Thursday, 3 January 2013

Beijing's top hospitals can't cope with increasing patient demand

In some Beijing hospitals, doctors are overwhelmed by demand, and see up to 60 patients per shift
by Zhang Wan.
As Beijing is experiencing the coldest winter in 30 years, hospitals across the city are dealing with more patients. The long existing problem of medical service shortage is getting prominent again. Patients complain it so hard to get registration in these top level hospitals in the capital, while doctors are under the huge pressure of extra workload.
The authorities have been working hard to solve the problem and more effort is needed this year. 


In some top level hospitals in Beijing, many patients complain it's hard to get a chance to see senior doctors. 

"It's very hard to get registered to see senior doctors at the hospital. Early every morning, I started to wait in front of the registration office, but I still could not get registered. Finally, I had to spend several hundred yuan to buy a registration ticket from a scalper."

"To get a registration ticket in the hospital is extremely difficult. The number of doctors is far from adequate."

When patients complain about their difficulty in getting medical services, doctors say they are under great pressure of increased workloads. Lu Hai is a senior doctor at Beijing Tongren Hospital. He usually receives more patients than he can see. 

"Actually chief doctors like me are required to see 15 outpatients within half a day, but, I have to see more than that, as there are many more extra registrations from the patients. It's very common for me to see 50 to 60 patients."

According to chief nurse Zhou Lijuan, Lu's colleague, although doctors like Lu Hai have to do so much extra work each day, it still falls short of meeting the demands of patients.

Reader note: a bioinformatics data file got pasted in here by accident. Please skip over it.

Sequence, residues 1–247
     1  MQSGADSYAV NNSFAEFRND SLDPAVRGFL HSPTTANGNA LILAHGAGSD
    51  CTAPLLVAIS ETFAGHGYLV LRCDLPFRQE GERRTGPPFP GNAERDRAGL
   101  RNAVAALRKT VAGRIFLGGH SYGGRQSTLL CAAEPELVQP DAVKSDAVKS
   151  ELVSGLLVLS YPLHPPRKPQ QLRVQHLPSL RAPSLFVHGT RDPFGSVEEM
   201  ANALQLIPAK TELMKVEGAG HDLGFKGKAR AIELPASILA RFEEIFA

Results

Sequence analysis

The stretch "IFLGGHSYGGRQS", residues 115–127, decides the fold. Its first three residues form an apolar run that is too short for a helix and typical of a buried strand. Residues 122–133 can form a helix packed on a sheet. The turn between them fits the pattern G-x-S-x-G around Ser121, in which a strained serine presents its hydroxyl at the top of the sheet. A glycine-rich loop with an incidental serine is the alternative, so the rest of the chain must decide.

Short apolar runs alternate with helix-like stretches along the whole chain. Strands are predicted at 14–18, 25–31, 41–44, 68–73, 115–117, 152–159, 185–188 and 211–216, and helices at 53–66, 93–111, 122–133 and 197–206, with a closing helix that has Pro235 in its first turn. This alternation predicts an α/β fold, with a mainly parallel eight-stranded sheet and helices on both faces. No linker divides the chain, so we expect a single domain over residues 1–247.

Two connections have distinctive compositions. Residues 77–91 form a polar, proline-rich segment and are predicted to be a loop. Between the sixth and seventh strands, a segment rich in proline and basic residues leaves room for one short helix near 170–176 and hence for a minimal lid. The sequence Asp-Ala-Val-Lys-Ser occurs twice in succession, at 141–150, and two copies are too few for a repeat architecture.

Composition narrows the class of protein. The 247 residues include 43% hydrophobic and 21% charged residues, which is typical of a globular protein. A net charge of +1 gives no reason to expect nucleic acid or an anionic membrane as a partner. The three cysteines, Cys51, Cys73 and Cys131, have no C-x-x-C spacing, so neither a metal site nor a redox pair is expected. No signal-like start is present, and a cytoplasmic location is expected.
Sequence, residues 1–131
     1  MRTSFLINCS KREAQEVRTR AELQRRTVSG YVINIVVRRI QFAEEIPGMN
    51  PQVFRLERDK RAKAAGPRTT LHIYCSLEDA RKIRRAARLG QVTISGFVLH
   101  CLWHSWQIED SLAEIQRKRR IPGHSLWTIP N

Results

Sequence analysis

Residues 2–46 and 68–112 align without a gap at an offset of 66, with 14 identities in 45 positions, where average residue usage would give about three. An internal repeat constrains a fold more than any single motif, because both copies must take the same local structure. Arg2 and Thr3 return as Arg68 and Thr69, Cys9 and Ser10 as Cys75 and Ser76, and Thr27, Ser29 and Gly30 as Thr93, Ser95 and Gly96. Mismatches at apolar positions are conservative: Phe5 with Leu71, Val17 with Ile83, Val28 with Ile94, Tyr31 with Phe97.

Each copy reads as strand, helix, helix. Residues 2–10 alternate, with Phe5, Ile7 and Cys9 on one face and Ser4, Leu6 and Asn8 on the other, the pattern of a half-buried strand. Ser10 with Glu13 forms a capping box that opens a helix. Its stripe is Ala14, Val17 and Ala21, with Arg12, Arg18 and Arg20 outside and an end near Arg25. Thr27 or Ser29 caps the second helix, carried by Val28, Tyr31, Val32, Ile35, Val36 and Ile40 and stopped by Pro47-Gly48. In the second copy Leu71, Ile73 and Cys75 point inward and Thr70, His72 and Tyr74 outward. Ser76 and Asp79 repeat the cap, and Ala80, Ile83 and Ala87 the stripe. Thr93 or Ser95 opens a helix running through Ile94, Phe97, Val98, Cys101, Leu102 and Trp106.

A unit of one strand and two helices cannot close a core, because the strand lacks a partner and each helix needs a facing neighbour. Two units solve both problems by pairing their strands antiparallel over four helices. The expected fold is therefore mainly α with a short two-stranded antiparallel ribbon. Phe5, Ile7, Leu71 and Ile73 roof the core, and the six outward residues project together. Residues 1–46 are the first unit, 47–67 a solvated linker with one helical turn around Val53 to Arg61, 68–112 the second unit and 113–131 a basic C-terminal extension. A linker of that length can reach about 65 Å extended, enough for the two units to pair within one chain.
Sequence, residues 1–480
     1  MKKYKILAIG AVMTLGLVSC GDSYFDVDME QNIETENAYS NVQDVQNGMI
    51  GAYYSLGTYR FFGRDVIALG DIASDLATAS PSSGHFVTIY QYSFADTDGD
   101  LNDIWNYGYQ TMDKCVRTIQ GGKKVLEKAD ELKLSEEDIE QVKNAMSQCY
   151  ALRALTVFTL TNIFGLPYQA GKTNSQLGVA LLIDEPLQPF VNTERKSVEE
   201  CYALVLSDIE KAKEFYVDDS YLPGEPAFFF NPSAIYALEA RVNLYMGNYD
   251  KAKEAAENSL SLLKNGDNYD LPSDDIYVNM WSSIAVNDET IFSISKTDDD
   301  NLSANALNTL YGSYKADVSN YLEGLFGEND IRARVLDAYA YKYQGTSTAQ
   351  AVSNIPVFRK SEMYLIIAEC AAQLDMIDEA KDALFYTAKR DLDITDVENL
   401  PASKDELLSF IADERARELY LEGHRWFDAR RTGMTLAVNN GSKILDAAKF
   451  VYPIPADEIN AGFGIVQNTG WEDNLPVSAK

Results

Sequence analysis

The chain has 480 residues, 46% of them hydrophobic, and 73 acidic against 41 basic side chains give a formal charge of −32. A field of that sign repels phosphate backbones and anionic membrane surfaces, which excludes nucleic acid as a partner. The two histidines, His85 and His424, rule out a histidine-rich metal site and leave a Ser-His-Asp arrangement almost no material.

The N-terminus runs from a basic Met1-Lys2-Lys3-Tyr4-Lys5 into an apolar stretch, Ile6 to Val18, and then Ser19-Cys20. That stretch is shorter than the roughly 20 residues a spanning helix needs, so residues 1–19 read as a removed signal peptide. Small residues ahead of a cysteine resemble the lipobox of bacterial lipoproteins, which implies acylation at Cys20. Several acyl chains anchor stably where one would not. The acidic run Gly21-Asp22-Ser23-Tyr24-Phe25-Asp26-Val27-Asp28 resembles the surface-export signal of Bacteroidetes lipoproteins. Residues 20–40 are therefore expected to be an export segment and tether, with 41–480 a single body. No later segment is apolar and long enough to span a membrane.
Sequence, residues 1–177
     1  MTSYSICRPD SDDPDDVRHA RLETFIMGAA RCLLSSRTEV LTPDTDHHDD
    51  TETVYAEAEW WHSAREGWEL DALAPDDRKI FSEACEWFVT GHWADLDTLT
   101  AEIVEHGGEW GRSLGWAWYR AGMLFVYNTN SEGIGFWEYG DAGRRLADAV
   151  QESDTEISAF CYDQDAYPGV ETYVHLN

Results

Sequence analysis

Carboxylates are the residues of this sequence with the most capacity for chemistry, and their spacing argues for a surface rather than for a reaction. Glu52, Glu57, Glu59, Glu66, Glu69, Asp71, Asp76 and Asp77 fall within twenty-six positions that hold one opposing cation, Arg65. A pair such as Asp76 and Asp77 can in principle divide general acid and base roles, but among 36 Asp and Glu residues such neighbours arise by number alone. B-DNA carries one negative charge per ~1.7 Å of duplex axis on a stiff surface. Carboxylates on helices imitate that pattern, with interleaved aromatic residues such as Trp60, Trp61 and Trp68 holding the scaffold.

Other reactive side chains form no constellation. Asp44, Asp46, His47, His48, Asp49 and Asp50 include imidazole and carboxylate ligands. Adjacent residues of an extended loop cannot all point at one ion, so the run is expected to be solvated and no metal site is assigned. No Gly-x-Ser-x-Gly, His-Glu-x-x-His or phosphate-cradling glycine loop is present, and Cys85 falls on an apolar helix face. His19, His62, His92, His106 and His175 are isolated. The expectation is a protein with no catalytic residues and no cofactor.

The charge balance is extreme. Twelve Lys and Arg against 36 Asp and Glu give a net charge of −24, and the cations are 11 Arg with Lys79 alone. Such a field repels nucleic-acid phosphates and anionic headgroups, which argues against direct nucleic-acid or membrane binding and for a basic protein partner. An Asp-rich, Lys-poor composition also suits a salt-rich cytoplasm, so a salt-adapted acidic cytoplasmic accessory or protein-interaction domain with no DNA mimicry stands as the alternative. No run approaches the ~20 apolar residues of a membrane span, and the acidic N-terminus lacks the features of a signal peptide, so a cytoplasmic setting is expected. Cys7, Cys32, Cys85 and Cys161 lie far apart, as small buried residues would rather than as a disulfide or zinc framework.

"These patients who failed to get registration tickets often get angry and ask us why we didn't give them extra registration opportunities, and many of patients complain because they have no idea about the doctors' work and schedule. For example, today doctor Lu receives outpatients in the morning, but in the afternoon, he is scheduled to carry out three inpatients operations. As these inpatients are asked to stop eating and drinking several hours before the operation, the doctor has to be on time for their operations, that's why he has to finish his consultation with outpatients on time at noon."

In order to ensure the operations are done on time in the afternoon, Lu Hai stays in his consulting room from 8:30 am right through to 2:30 pm. 

Wang Dongxuan, an intern doctor in the hospital says many doctors in the hospital don't drink water when they receive patients, so that they can avoid going to the toilet and save time for more patients. 

Beijing has 25 percent of the country's medical resources, and patients from all over China come to Beijing to seek medical treatment. That only makes the situation worse. 

How to make better use of the limited medical resources in these top level hospitals? Medical reform is absolute necessary. 

Beijing has begun implementing its program of public hospital reforms since July 2012. The Beijing Friendship Hospital eliminated its 15 percent drugs mark-up, and introduced a medical care service fee which various according to the seniority of doctor. The measure aimed to encourage more patients seeing general practitioners, rather than senior physician or specialist with rising cost. 

The Peking Union Medical College Hospital, another renowned general hospital in Beijing, has started a 24-hour appointment registration service since August 2012, to ease the morning stress of high numbers of registrations. 

In addition, there are also some top level hospitals strengthening cooperation with the lower level hospitals or community healthcare centers, so that patients with chronic diseases could get medical treatment in these institutions near their home, rather than competing for medical service with those patients in critical condition in top level hospitals. 

Mao Yu, deputy director of the Beijing Hospital Authority says results at these public hospitals are looking good so far.

"First, through public hospital reform, patients' expenditure for qualified medical service has been lowered. Second, patients have become more satisfied with the medical service, as communication between patients and medical workers has been increased. In addition, big changes have been seen in hospital management, such as position management and performance management being implemented in public hospitals."

Although these efforts have seen some results, it's far from cutting the queue of patients in top hospitals.
Source: CRI

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